IME, the best trails are ones which have been built by hand for the most part, using small tools and equipment – you retain that singletrack feel/winding through the trees element!

    thegeneralist
    Full Member

    .. challenge (fun is not an easy word to use in this instance, type 2 fun at best!)

    Stuff and nonsense 😉 a decent climb is golden

    Llandegla for example is one long, just about interesting enough not to be dull, climb

    Also nonsense. Wtf is interesting about the llandegla climb? There’s no technical interest in it whatsoever.

    ayjaydoubleyou
    Full Member

    Wtf is interesting about the llandegla climb? There’s no technical interest in it whatsoever.

    Agreed. Apart from a few minor sections early on, which might be moderately entertaining on an xc bike at full sprint, there is nothing of interest at all.
    It does serve a good purpose of being a) an excellent warm up and b) makes the rest of the trail a net downhill.
    I can see it being miserable for kids/beginners, although they do have a blue trail for that.

    Northwind
    Full Member

    Climbs don’t have to be challenging to be interesting. Mabie’s a good example, it has challenging climbs but it also has lovely climbs. Golspie’s the same, it’s lactic ladder’s technical physical climb that gets the headlines but the lower down stuff is just absolutely gorgeous as you spin up through the big trees, sea views opening up occasionally… Other places have sudden outbreaks of history, like the marin. All different ways to be more than just a fire road spin.

    andeh
    Free Member

    Golspie’s the same, it’s lactic ladder’s technical physical climb that gets the headlines but the lower down stuff is just absolutely gorgeous as you spin up through the big trees

    Yes! I almost, almost, enjoyed the climb there as much as the descent. Absolute belter of a climb.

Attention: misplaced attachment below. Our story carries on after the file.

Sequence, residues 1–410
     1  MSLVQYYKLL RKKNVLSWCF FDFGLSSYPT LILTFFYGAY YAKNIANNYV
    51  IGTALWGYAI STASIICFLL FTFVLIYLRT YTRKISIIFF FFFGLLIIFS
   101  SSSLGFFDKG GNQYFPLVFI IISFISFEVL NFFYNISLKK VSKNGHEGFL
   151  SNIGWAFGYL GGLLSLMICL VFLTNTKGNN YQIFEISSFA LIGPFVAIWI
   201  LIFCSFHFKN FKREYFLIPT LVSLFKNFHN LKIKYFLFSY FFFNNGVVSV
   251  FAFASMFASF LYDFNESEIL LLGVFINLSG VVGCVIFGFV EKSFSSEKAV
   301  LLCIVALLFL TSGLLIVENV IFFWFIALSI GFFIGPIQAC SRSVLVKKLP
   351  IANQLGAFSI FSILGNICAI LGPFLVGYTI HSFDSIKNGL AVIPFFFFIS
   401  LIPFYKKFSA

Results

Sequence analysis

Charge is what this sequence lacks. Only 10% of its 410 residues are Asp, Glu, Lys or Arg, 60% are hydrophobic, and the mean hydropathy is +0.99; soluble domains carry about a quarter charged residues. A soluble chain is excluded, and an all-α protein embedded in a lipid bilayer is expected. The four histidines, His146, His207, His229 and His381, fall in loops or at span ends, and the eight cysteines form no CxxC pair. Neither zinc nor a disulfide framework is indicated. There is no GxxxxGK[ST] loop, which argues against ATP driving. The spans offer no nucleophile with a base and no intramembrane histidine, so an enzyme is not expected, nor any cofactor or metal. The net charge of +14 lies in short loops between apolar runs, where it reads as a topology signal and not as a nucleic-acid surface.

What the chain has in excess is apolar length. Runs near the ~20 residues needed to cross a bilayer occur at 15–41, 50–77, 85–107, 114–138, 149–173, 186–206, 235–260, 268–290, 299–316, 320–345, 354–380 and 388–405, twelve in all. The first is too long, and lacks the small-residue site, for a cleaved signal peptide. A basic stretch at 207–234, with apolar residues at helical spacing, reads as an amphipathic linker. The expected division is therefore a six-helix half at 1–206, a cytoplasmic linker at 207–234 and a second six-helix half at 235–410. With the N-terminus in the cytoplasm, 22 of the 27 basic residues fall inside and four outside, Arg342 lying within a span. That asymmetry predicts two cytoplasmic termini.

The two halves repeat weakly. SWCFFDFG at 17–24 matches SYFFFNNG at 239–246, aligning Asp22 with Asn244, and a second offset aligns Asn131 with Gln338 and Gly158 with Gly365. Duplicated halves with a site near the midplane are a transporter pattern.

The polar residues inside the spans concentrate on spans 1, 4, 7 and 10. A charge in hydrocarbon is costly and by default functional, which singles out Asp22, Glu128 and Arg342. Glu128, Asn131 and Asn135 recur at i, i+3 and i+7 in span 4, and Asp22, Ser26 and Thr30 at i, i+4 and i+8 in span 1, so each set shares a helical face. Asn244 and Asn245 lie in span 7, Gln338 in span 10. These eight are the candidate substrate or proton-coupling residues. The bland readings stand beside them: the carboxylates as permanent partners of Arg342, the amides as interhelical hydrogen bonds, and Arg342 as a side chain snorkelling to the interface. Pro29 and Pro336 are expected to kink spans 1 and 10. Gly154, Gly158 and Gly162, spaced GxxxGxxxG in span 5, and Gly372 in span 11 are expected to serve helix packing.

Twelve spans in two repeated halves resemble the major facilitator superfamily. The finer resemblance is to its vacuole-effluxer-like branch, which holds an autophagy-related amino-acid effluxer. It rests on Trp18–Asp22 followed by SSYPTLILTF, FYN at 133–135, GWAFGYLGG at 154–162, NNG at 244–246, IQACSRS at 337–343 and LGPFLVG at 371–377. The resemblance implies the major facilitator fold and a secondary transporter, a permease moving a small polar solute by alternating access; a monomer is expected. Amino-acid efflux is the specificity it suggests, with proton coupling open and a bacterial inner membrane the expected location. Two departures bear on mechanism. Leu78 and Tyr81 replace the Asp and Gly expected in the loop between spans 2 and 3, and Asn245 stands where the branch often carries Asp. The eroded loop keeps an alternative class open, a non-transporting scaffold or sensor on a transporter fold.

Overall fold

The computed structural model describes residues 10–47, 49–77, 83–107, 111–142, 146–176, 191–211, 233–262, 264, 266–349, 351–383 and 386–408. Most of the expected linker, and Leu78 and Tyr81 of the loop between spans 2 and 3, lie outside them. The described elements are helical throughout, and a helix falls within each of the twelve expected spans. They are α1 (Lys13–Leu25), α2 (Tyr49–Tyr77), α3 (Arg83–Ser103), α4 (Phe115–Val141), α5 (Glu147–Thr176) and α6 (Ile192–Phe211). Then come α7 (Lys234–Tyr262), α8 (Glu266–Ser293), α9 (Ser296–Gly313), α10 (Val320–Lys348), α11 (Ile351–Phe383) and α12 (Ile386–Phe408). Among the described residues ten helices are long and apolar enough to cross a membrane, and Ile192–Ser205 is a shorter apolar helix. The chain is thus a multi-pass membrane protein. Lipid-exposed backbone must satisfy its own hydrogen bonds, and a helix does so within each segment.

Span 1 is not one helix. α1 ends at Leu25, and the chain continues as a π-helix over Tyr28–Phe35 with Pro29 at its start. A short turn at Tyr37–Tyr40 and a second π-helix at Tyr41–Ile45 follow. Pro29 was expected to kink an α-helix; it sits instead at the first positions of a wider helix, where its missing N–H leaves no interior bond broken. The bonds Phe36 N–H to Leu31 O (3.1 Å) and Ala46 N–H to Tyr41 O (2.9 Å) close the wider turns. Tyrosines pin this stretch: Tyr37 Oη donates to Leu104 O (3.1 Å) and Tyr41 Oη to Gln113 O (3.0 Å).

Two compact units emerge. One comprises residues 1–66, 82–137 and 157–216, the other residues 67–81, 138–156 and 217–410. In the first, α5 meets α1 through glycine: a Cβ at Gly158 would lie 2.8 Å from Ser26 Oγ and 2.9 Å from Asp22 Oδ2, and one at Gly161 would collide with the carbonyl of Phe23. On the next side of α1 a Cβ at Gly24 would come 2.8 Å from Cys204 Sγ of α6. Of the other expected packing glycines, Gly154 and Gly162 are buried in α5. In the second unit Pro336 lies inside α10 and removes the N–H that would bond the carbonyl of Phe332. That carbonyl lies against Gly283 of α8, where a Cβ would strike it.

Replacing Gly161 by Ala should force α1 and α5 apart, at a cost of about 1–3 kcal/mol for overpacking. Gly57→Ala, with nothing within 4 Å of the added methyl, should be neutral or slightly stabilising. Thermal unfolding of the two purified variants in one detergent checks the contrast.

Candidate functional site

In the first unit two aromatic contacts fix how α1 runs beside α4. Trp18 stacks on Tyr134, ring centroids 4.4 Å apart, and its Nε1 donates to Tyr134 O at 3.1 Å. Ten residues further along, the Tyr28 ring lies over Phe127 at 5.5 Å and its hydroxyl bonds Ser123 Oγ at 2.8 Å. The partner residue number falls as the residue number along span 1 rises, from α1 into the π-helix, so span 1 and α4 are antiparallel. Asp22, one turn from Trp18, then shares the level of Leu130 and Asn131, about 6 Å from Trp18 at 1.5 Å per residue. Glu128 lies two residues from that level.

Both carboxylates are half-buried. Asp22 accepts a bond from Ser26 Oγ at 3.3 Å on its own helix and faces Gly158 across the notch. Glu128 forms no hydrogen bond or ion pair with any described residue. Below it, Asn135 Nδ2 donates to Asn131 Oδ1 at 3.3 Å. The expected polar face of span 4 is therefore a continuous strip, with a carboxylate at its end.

reeksy
    Full Member

    Another factor to consider; rider built trails minimize environmental impact;

    Where I live in Queensland that’s definitely not always the case over the long term. Most of our tracks are on public conservation land. Illegal trails started in the ’90s have eventually become tolerated/accepted by the governments that manage the land. Such is the abundance of space and vegetation, some (most?) seem to have been built with little/no consideration for environmental values – erosion, cultural heritage, species (i’ve seen recent tracks running straight through vines that are crucial for a threatened butterfly species for example, and many of the poor soils get obliterated where people build straight lines, leaving bedrock and ever widening ‘singletrack’).

    On the other hand, when trails are built by contractors paid for by the taxpayer (there’s barely any pay-to-ride facilities here) a higher level of scrutiny is applied. Track design is managed with respect to drainage, species (flora and fauna) and contracts include maintenance. There’s a major new network being built nearby that’s been stalled due to dieback. Until that gets sorted the tracks won’t open. They’ve also been experimenting with hardening agents in some of our parks, to get more durability.

    jonba
    Free Member

    Has anyone noticed how “Enduro Trousers” have the same cut as old school Ronhill and evreyone is wearing bumbags?

    There’s lots to think about in trail design, it’s not my area so I’ll leave it to people who know more. One thing I’d be conscious of, though, is that things move in cycles. All disciplines go through ups and downs and it would be good to think about a long term plan rather than meeting just the immediate needs. I love Thrunton, You ride up one or two big tracks and have loads of ways down. It would bore the hell out of me for XC marathon riding which I also do. Kielder is great for that but kind of easy for Enduro. It has phenomenal gravel opportunity though. Don’t put all your eggs in one basket catering for LLS trail bikes when in 5 years everyone is going to be turning up looking for a nice fast technical XC loop to race on.

    jivehoneyjive
    Free Member

    On the other hand, when trails are built by contractors paid for by the taxpayer (there’s barely any pay-to-ride facilities here) a higher level of scrutiny is applied.

    You’d certainly hope that was the case, but in my experience, the reality falls well short of what you might expect.

    jivehoneyjive
    Free Member

    All different ways to be more than just a fire road spin.

    Some very good points there… thinking about it, I guess one of the reasons the Nant Yr Arian climb is less likely to dishearten novice riders is that rather than being hemmed in by trees, isolated from the wider world, there is immediate views, giving feel good vibes from the get go; better still when the kites are feeding or there’s a few riders descending the trails that are plainly visible from the climb.